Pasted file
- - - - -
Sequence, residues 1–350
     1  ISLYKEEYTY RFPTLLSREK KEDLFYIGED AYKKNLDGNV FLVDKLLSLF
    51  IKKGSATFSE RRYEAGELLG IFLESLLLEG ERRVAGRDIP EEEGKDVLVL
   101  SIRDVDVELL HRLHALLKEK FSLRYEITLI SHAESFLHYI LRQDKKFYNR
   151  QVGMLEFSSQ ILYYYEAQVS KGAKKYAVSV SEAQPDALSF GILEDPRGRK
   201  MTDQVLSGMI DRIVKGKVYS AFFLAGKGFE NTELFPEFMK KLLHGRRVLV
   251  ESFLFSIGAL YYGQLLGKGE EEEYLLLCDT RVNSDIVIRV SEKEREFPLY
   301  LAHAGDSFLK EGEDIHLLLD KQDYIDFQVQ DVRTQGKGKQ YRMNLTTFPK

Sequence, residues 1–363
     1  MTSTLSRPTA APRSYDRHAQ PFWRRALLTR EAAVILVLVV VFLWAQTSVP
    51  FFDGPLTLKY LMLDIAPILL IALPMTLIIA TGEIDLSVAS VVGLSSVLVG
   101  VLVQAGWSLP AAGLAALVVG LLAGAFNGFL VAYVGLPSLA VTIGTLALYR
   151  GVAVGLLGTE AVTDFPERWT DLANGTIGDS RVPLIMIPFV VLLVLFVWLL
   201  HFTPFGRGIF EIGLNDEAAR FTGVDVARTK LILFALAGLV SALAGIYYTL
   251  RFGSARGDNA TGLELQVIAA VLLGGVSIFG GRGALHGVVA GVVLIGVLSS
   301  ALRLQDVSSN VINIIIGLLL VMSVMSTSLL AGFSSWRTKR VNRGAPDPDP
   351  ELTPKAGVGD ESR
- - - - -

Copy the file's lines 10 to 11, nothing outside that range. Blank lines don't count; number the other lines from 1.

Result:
     1  MTSTLSRPTA APRSYDRHAQ PFWRRALLTR EAAVILVLVV VFLWAQTSVP
    51  FFDGPLTLKY LMLDIAPILL IALPMTLIIA TGEIDLSVAS VVGLSSVLVG